The Chicago Cubs wouldn’t really trade Nico Hoerner - would they?

Despite being in last place and 10 games out in the division, this is a Cubs roster that's not built to sell at next month's trade deadline.
Houston Astros v Chicago Cubs
Houston Astros v Chicago Cubs / Matt Dirksen/GettyImages

Lately, it's a matter of how the Cubs will lose games rather than if they will. Despite back-to-back quality starts from Justin Steele and Kyle Hendricks to open the series in San Francisco this week, Chicago's bullpen blew both games, sending the team to last place in the NL Central, a whopping 10 games back in late June.

Given where they find themselves in the standings, one could hardly be blamed for viewing the Cubs as sellers. But thanks to an expanded postseason format and a roster with very few logical trade chips, Jed Hoyer continues to insist his team will turn things around and, if anything, will be buyers come July.

But what if the free fall continues? At some point, the front office won't have a choice but to turn the page and look ahead to 2025. Of course, that decision could be complicated by the fact Hoyer is heading into the final year of his contract, but that's a topic for another time. Arizona Phil recently suggested none other than Nico Hoerner - a name few have seriously considered as a trade asset.

After all, it was just last spring that Hoerner and the Cubs came to terms on a three-year, $35 million extension that runs through the 2026 season. That alone suggested Hoyer and the organization view him as a key long-term asset. But, like I said, with the exception of Mike Tauchman and, if he can continue his midseason turnaround, Kyle Hendricks, there aren't many typical trade pieces on this roster.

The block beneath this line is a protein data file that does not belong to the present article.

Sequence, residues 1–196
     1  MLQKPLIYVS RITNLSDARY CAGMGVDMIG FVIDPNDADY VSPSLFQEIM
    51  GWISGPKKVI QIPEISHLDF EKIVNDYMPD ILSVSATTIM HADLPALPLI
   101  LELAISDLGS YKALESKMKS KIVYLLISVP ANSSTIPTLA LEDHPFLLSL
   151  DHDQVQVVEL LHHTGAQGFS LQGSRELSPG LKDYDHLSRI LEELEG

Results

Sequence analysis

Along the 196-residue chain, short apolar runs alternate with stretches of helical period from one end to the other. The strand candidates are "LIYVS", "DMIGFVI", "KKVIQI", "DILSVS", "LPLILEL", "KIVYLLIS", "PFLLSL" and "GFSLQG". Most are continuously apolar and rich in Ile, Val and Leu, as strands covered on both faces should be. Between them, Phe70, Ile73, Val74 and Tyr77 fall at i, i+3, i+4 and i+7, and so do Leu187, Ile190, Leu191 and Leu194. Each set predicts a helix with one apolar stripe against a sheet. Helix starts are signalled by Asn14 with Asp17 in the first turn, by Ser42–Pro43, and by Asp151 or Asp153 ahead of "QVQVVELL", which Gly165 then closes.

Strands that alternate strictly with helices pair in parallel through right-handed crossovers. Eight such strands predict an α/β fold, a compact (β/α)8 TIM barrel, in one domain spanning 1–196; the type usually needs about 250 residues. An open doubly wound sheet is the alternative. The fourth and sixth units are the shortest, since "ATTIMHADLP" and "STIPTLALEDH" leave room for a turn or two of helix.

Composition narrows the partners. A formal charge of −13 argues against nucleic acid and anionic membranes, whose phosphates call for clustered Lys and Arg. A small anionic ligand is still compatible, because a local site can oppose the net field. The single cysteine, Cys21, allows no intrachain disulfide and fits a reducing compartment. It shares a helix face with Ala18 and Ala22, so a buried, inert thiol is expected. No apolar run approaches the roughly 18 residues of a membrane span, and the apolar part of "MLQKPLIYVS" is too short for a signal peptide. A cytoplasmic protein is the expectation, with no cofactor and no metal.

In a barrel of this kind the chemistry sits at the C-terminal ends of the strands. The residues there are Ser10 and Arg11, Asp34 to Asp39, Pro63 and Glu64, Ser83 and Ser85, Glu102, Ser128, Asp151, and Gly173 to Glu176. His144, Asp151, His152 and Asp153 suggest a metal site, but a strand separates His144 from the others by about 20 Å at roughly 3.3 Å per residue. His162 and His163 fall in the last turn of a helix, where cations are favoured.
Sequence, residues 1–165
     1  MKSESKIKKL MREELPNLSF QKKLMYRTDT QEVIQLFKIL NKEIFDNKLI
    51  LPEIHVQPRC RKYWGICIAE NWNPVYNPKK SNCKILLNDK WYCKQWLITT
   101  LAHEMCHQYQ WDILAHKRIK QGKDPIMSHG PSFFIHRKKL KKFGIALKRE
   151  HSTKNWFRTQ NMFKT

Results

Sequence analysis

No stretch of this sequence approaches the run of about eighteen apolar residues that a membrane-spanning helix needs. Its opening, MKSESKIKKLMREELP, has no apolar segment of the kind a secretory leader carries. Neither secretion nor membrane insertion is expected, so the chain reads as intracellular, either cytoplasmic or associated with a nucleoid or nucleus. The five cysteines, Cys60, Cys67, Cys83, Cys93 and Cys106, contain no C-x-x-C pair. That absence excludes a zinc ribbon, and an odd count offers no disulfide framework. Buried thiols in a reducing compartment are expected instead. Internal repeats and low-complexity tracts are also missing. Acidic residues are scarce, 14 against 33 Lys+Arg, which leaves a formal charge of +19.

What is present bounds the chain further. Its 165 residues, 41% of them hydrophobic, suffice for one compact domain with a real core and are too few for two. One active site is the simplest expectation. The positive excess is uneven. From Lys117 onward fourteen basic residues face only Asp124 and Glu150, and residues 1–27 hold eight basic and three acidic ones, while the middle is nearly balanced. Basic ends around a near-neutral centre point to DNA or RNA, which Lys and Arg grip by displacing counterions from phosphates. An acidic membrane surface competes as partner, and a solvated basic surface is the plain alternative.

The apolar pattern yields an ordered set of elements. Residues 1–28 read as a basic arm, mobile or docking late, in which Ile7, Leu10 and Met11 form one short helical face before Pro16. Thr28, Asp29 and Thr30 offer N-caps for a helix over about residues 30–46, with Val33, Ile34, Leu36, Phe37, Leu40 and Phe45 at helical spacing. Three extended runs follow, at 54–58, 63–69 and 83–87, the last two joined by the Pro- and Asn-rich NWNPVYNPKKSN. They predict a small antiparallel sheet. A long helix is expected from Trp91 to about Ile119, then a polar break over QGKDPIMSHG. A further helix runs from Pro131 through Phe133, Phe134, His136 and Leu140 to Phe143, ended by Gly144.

Nico Hoerner would garner a ton of trade interest given his skillset

Hoerner brings elite defense up the middle and is on pace to swipe 20 bags for the third straight year, coming off a career-high 43 stolen bases in 2023. He's surpassed 4.0 bWAR in each of the last two seasons but has struggled offensively this year, evidenced by a .660 OPS and 88 OPS+.

He's really struggled in the month of June, batting just .200/.307/.215 in 75 trips to the plate. But even with his production down, he possesses an elite eye, ranking in the 98th percentile in both chase and K rate, while also walking at a well above-average clip. All this to say, the Cubs probably wouldn't have trouble finding interest in Hoerner on the open market.

So if the Cubs traded him, what would the lineup look like in the second half? You'd probably see more of Michael Busch at second, with Cody Bellinger slotted in at first and an outfield mix of Ian Happ, Seiya Suzuki and Pete Crow-Armstrong.

Honestly, I personally don't see Hoerner going anywhere, so this is all likely a fruitless exercise. But it's at least worth starting to think about creative ways the Cubs could re-tool for 2025 if they continue their abysmal play in the coming weeks because one thing is clear: this is nowhere near a championship-caliber team.